Water Insecurity in Rio de Janeiro Metropolitan Area: analyzing the case of Campos Elíseos in Duque de Caxias municipality

Authors: Ana Britto*, Federal University of Rio de Janeiro, Suyá Quintslr, Federal University of Rio de Janeiro, Cleonice Puggian, State University of Rio de Janeiro, Bianca Silva, Escola Nacional de Saúde Pública Sergio Arouca
Topics: Water Resources and Hydrology, Urban and Regional Planning, Environment
Keywords: water services management, water security, political ecology
Session Type: Paper
Day: 4/4/2019
Start / End Time: 5:00 PM / 6:40 PM
Room: Balcony A, Marriott, Mezzanine Level
Presentation File: No File Uploaded

This paper presents the results of qualitative and quantitative researches (303 questionnaires applied in the field) with the objective of evaluating the quality of access to water in the neighborhood of Campos Elíseos in Duque de Caxias, Metropolitan Region of Rio de Janeiro. We adopted the perspective of the political ecology of water, which insists on the socially produced character of water insecurity and seeks to redefine water security.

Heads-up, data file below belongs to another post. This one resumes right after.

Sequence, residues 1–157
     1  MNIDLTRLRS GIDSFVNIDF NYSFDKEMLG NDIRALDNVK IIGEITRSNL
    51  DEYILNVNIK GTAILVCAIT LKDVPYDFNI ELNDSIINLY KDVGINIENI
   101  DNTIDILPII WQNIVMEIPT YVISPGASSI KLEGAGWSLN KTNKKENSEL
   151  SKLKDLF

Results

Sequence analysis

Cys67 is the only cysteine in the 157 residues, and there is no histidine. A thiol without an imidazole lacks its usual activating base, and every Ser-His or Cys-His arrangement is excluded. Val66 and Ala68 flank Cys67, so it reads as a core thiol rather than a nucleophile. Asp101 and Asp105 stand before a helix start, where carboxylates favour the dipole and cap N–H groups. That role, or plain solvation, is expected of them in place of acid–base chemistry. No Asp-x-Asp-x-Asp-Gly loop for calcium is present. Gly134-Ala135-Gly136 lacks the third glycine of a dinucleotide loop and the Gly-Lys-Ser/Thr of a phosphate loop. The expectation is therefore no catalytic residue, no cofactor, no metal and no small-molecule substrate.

In this neighborhood where one of Brazil’s biggest petrochemical pole is located (REDUC- Petrobras), only 21,64% of households have access to the water supply system, even though there is a water pipe built to bring raw water to the petrochemical pole. It is a poor neighborhood. Inhabitants use two major forms to have access to water: wells and irregular connections in the REDUC water pipe. As there are only few areas in Campos Elíseos that have sewage collection, the risk of well water contamination is high. The research includes 69 bacteriological analyzes of water from wells located in Campos Elíseos area. Another kind of contamination is chemical, from many oil pipelines existing in this neighborhood due to petrochemical pole. Further analyses of wells water are been made, to evaluate possibility of contamination from BTEX. It is possible to build a link between water security and water justice in this case. Historically public water policies have privileged access for industrial production, neglecting residents needs; solutions that the residents find to have access to water leads to a context of water insecurity.

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